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Stroke Damages Spouses' Sense of Well-Being

DALLAS, July 2001 -- The effects of a stroke are all in the family, according to a study that indicates spouses suffer psychological ill-effects immediately after their mate has a stroke, researchers report in the July issue of Stroke: Journal of the American Heart Association.

In one of the first studies to examine short-term psychological effects of a stroke on a group of patient's spouses, researchers found that spouses experience a sharp decline in their sense of well-being and a sharp rise in psychological stress within days of their mate's stroke. This can affect the spouse's ability to support the stroke survivor, which is crucial to the rehabilitation and recovery of the stroke patient.

The emotional and practical support of the caregiver is known to affect the functional and psychosocial outcome of the stroke patient, says Gunilla Forsberg-Warleby, B.S., a registered occupational therapist at the Institution of Clinical Neuroscience at Sahlgrenska University Hospital in Goteborg, Sweden. Earlier studies have shown that spouses cope better with practical issues than with emotional ones.

"Our research indicates that it is very important for health professionals to pay attention to the spouses' psychological health as well as the patient's. Giving spouses the reinforcement they need to take an active part in the care and rehabilitation of their partners will improve their outlook and sense of well-being," says Forsberg-Warleby.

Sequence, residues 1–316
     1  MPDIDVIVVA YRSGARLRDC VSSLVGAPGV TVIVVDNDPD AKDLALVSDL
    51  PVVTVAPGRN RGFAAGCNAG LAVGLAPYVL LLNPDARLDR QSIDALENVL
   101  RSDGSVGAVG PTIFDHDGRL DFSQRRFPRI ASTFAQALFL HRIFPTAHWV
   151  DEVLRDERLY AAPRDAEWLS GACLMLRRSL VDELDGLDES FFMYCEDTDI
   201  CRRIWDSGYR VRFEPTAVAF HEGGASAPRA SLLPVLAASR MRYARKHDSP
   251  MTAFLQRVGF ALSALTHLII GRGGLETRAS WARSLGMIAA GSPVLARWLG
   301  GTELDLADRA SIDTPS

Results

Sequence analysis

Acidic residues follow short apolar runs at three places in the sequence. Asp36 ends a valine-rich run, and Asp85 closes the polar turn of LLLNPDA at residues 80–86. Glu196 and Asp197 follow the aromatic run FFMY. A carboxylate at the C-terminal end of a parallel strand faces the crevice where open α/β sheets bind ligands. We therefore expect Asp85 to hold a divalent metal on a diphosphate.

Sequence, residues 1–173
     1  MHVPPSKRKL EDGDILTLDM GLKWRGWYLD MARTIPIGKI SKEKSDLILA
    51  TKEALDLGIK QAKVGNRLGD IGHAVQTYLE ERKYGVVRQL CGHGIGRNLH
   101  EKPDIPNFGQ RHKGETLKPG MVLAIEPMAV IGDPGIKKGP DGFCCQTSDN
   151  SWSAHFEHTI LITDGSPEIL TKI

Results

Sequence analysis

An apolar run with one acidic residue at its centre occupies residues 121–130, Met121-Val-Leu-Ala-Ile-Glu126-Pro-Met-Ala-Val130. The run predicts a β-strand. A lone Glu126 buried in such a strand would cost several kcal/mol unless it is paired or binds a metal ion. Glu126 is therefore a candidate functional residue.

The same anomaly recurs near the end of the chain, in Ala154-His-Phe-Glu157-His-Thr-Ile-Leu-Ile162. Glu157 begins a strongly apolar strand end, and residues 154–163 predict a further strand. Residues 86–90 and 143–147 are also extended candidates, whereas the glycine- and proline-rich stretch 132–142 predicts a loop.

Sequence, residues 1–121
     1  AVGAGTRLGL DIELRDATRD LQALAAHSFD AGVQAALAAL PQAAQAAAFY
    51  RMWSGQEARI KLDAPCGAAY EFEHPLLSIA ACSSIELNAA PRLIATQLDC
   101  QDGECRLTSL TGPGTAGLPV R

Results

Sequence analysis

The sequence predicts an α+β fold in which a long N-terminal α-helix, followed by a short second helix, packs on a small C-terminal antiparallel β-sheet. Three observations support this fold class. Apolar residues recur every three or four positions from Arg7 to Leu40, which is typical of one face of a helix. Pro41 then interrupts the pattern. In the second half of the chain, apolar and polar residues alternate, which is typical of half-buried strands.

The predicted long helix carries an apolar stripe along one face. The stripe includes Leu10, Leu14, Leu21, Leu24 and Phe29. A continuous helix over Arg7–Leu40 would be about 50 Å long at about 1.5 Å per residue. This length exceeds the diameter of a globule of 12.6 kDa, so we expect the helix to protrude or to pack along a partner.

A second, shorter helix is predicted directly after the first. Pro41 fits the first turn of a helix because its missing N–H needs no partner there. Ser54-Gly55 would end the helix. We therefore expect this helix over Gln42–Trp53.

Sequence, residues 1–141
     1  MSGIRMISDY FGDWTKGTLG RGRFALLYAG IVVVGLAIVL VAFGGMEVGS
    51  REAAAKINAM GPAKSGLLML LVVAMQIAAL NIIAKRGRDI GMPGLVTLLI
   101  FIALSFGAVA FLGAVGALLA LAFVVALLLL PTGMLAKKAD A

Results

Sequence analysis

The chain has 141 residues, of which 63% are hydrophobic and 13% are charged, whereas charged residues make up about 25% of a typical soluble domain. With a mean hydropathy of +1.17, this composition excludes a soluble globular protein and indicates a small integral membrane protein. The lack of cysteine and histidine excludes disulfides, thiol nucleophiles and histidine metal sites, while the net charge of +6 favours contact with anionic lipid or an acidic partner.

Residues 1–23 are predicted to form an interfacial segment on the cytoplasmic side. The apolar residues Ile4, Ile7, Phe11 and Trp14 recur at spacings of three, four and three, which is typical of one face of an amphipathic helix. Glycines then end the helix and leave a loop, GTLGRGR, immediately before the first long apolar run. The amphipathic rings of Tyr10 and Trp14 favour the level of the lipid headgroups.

Previous studies have traced the psychological impact of stroke on families over time and found that 20 percent to 50 percent of caregivers experience emotional disturbances, especially depression.

Using a questionnaire and interview, Swedish researchers measured the perceived psychological well-being of 83 spouses of stroke patients during 10 days following the stroke. The stroke patients ranged in age from 23 to 75 with an average age of 58, three-fourths were men. The average age of their spouses was 57 and the average length of their relationships was 30 years.

Researchers compared the spouses' sense of well-being to the level of impairment in the stroke patient.

Most of the spouses showed significantly lower psychological well-being compared with a normal population. The extent of disability of the stroke patients, such as motor skill impairment, correlated with the spouses' outlook of the future. There was no gender difference noted, as both husbands and wives showed virtually identical reductions in emotional well-being.

"It's easy to assume that the spouse's psychological well-being may affect the ability to give emotional and practical support," Forsberg-Warleby says. "This is an important question that needs to be investigated.

"In its first phase, a stroke is usually an unexpected event, one perceived as an existential threat that causes a breakdown in everyday life," she notes. "Being given more detailed information by health care professionals about what to expect, and how to deal with problems that arise, can help spouses overcome their negative psychological reactions, adapt better to the circumstances and develop a more positive attitude toward the future."

But merely making this information available isn't enough, the research shows. "The spouse needs to be able to integrate the information as knowledge," explains Forsberg-Warleby. "To achieve this, the information must be given in a respectful way that gives the spouse a sense of importance in the patient's recovery and is based on the spouse's own perceived needs.

"It's very important for health professionals to pay attention to the spouse's psychological health as well as the patient's," she notes.

Co-authors of the study are Anders Moller, Ph.D., and Christian Blomstrand, M.D., Ph.D.

---American Heart Association

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